As we shake off the holidays, 2017 brings a new opportunity for personal reflection. For many trainees, it is also a great time to focus one’s professional goals, including those related to microbiology and microscopy. In celebration of the new year, I’d like to reflect on some of the advanced microscopy work of 2016, and offer some inspiration for the year ahead. As we welcome 2017, I encourage you to embrace complexity, mystery, and the small picture.
Resolution: Go on a blind date.
Inspiration: “Super-resolution Microscopy for Microbiology.”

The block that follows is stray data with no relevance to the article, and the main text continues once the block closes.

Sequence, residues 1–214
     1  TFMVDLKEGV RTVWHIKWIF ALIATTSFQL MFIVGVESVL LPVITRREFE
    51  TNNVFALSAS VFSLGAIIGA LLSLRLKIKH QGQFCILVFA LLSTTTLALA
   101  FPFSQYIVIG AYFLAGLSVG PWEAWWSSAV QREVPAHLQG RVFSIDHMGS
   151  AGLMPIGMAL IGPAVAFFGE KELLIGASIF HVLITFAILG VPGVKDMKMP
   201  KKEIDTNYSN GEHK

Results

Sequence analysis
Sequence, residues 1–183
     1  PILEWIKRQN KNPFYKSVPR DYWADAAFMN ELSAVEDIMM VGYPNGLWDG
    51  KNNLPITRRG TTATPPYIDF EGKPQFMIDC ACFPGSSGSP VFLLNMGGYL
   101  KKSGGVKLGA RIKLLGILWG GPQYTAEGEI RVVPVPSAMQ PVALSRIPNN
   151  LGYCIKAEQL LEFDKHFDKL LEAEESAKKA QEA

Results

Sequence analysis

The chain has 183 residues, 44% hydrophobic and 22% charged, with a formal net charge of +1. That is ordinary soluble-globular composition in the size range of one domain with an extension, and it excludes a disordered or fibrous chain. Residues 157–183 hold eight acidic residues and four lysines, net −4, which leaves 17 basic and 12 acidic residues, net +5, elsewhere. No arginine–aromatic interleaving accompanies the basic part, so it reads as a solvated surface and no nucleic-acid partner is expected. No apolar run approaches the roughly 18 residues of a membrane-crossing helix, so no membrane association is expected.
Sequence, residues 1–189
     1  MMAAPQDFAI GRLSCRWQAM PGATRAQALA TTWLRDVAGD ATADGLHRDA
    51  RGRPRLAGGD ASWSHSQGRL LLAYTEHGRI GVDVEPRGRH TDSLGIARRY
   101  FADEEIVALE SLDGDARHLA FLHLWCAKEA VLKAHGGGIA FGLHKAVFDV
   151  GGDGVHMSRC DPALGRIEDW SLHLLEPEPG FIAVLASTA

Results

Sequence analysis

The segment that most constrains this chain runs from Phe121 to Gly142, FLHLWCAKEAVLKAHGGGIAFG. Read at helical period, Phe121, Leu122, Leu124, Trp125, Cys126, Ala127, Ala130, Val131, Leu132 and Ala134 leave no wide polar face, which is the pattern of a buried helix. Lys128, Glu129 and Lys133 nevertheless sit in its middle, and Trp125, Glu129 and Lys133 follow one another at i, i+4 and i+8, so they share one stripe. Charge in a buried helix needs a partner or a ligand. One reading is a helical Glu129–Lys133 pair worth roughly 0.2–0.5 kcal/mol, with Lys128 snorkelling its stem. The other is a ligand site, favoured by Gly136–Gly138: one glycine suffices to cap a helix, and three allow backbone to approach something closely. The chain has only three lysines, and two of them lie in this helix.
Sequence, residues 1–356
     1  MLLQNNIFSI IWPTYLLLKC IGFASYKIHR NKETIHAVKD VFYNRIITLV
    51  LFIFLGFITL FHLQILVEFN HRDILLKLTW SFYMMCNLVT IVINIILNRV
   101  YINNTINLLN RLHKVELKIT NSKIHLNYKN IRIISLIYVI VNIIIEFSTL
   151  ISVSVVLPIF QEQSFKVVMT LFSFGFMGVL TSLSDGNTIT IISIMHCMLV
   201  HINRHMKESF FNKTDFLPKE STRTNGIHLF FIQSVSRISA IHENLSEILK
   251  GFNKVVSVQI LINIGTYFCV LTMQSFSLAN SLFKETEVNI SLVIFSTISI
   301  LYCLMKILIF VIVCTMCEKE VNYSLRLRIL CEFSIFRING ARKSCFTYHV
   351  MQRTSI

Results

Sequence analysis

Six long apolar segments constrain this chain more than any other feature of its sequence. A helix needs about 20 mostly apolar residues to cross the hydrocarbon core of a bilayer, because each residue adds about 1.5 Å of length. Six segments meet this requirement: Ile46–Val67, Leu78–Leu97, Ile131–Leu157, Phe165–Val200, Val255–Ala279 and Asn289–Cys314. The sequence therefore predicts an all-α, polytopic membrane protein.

Super-resolution imaging can aid in the discovery of cellular structures. For details that are not resolvable with phase contrast or fluorescence microscopy, several super-resolution methods are suitable for use in microbiological research. Three major categories of super-res imaging exist: photoactivated localization microscopy (PALM) and stochastic optical reconstruction microscopy (STORM), structured illustration microscopy (SIM), and stimulated emission-depletion (STED) microscopy. These techniques take advantage of the fluorescent labeling methods use in fluorescence light microscopy, as well as its live-cell compatibility—with the added benefit of a 10-50 nm resolution. In that way, it approaches the resolutions of electron microscopy. Photoactivatable and photoswitchable fluorophores allow discreet fluorescence to take place (e.g. one fluorophore at a time), and the positions of these fluorophores are localized with nanometer accuracy using computer algorithms.
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